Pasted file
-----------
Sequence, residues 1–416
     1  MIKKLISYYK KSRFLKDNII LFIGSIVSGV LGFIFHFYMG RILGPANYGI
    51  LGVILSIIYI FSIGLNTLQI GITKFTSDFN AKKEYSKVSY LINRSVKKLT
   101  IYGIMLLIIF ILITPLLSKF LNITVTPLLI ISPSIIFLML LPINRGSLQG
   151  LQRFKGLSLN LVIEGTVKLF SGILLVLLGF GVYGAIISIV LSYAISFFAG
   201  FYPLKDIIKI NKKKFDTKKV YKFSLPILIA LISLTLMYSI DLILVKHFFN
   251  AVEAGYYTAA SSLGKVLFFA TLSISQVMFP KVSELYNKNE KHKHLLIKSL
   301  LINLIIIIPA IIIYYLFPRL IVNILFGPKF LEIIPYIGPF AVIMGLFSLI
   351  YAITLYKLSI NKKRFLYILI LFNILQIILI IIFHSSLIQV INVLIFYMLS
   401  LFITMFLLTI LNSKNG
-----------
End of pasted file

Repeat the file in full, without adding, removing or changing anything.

Sequence, residues 1–416
     1  MIKKLISYYK KSRFLKDNII LFIGSIVSGV LGFIFHFYMG RILGPANYGI
    51  LGVILSIIYI FSIGLNTLQI GITKFTSDFN AKKEYSKVSY LINRSVKKLT
   101  IYGIMLLIIF ILITPLLSKF LNITVTPLLI ISPSIIFLML LPINRGSLQG
   151  LQRFKGLSLN LVIEGTVKLF SGILLVLLGF GVYGAIISIV LSYAISFFAG
   201  FYPLKDIIKI NKKKFDTKKV YKFSLPILIA LISLTLMYSI DLILVKHFFN
   251  AVEAGYYTAA SSLGKVLFFA TLSISQVMFP KVSELYNKNE KHKHLLIKSL
   301  LINLIIIIPA IIIYYLFPRL IVNILFGPKF LEIIPYIGPF AVIMGLFSLI
   351  YAITLYKLSI NKKRFLYILI LFNILQIILI IIFHSSLIQV INVLIFYMLS
   401  LFITMFLLTI LNSKNG